World

Two Years In, Kosovo Albanians More Sober on Independence

Three-quarters believe independence was a good thing, down from 93% in 2008

BRUSSELS -- On the second anniversary of Kosovo's declaration of independence from Serbia, a look at the latest Gallup Balkan Monitor survey conducted in September 2009 showed Kosovo Albanians are less positive toward independence. Seventy-five percent of Kosovo Albanians said independence was a good thing, down from 93% who said so in 2008. One in five Kosovo Albanians said they did not have an opinion. Furthermore, in 2009, 80% of Kosovo Serbs believed that independence was a bad thing, statistically unchanged since 2008.

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Despite being less positive in 2009 that Kosovo's independence was a good thing, almost half (48%) of Kosovo Albanians said things in the country were going in a good direction. Hardly any Kosovo Serbs agreed that the country was going in a good direction (2% vs. 86% who disagreed). The proportion of Kosovo Albanians who said the country was going in a good direction is among the highest in the Western Balkan region. Some of the lowest proportions were seen in Croatia (8%), Bosnia and Herzegovina (16%), and Serbia (21%).

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Looking to the future, a large majority of Kosovo Albanians and Serbs said they would not be ready to accept a division of Kosovo with the Serbian territory joining Serbia as part of the final peace settlement. Such a solution would not be acceptable to 94% of Kosovo Albanians and 82% of Kosovo Serbs. More than 1 in 10 Kosovo Serbs (12%) said they could accept such a division.

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While 65 United Nations member states have recognized Kosovo's independence, 80% of Kosovo Serbs said Serbia would never accept this. Furthermore, almost two-thirds (64%) of Serbian respondents said Serbia would never recognize Kosovo's independence.

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Gallup Balkan Monitor Surveys

The Gallup Balkan Monitor survey continually monitors the views of Balkan residents: from their living standards, happiness and attitudes toward the European Union, to their employment opportunities, feelings about living abroad, and the performance of their governments. With its partner, the European Fund for the Balkans, Gallup has developed a one-stop shop for anyone requiring strategic insights into the Balkans.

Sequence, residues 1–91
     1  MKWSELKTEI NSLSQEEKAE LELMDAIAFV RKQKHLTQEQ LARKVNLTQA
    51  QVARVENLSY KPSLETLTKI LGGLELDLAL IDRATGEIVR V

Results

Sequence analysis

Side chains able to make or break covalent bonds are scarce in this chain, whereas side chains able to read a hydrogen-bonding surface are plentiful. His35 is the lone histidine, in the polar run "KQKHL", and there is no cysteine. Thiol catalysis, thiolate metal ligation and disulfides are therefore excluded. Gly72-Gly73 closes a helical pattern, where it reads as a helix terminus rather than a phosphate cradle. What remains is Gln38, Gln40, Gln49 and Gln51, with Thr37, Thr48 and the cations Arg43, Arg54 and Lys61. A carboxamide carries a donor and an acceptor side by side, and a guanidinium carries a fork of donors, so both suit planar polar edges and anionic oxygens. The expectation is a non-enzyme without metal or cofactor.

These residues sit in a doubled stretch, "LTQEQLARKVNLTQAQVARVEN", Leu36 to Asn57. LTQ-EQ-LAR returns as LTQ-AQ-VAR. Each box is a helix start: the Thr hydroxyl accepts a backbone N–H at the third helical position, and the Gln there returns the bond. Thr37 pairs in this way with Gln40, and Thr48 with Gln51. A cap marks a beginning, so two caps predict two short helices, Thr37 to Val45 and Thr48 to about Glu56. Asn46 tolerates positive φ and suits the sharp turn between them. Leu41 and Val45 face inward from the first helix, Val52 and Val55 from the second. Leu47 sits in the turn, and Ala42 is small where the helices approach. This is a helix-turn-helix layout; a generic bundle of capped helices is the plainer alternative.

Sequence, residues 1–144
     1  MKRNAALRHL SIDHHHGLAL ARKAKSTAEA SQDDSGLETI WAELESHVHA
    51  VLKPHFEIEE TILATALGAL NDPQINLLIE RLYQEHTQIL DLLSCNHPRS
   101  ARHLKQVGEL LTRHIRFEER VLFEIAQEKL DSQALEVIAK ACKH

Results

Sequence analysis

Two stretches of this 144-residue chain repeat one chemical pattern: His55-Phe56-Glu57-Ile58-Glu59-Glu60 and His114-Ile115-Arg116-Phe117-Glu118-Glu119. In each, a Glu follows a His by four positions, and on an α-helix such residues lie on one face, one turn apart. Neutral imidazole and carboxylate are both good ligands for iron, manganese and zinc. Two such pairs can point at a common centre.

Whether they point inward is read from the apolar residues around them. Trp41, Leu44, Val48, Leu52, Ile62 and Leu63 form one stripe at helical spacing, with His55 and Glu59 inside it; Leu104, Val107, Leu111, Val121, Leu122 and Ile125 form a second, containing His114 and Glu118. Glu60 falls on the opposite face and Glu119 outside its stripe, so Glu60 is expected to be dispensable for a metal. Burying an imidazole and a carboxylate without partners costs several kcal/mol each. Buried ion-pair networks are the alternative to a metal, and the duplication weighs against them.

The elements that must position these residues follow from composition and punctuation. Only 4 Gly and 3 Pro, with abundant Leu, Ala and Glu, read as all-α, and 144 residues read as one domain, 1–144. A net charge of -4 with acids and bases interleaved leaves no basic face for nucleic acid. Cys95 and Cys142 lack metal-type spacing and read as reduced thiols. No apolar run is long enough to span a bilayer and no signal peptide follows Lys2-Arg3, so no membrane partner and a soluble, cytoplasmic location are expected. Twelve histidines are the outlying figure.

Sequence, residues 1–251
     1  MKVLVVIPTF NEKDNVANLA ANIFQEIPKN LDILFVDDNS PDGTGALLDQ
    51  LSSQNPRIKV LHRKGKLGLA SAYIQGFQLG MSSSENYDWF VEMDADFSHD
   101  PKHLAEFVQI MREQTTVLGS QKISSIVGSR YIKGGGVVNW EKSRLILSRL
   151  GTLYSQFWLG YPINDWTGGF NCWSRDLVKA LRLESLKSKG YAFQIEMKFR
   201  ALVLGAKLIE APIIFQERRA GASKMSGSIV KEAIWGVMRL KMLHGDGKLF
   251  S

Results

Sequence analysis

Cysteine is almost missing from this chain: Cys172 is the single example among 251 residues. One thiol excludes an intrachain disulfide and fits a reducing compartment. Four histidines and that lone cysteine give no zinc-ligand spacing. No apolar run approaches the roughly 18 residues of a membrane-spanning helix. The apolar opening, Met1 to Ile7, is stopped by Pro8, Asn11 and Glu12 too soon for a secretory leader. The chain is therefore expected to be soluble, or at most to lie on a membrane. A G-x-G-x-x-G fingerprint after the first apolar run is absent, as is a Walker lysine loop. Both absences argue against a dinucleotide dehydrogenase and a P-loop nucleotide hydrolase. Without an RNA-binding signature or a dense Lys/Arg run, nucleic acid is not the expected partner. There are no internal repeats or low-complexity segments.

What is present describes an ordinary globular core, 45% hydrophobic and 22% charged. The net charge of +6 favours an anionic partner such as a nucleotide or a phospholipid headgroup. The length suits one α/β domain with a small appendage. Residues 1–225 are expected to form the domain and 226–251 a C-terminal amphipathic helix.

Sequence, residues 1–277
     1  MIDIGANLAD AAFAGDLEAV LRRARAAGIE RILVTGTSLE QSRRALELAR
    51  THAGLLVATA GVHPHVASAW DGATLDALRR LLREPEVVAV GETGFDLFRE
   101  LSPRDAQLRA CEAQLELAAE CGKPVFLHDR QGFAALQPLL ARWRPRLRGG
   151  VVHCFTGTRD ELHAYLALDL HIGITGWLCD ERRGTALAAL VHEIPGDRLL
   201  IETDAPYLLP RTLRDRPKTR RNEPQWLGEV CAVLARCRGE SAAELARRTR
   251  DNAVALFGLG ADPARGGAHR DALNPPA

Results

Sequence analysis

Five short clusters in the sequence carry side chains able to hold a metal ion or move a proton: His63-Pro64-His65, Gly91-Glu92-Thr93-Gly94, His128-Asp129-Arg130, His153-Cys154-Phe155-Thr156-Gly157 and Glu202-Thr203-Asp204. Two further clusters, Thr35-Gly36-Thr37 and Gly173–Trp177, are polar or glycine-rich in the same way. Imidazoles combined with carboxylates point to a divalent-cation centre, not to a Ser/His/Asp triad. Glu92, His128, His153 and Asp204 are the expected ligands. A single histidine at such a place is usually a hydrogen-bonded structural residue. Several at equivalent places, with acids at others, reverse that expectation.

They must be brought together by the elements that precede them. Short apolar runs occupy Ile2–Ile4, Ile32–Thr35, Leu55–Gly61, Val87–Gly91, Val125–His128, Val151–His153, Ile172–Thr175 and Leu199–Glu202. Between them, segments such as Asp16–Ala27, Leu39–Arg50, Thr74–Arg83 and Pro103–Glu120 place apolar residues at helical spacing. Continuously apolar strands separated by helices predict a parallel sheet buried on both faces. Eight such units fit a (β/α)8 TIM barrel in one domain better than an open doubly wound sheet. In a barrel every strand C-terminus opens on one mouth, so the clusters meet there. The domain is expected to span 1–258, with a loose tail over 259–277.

Visit the Balkan Monitor Web site to access the full survey data.

Survey Methods

Results are based on face-to-face interviews with approximately 1,000 adults, aged 15 and older, in Albania, Bosnia and Herzegovina, Croatia, Kosovo, Macedonia, Montenegro, and Serbia in September 2009. For results based on national adults, the maximum margin of error attributable to sampling and other random effects ranges from ±3.5 percentage points in Croatia and Serbia to ±4.0 percentage points in Montenegro.

For results based on the sample of 800 Kosovo Albanians, one can say with 95% confidence that the maximum error attributable to sampling and other random effects is ±4 percentage points. For results based on the sample of 226 Kosovo Serbs, one can say with 95% confidence that the maximum error attributable to sampling and other random effects is ±8 percentage points.

The margin of error reflects the influence of data weighting. In addition to sampling error, question wording and practical difficulties in conducting surveys can introduce error or bias into the findings of public opinion polls.

Gallup http://www.gallup.com/poll/125978/Two-Years-Kosovo-Albanians-Sober-Independence.aspx Gallup World Headquarters, 901 F Street, Washington, D.C., 20001, U.S.A +1 202.715.3030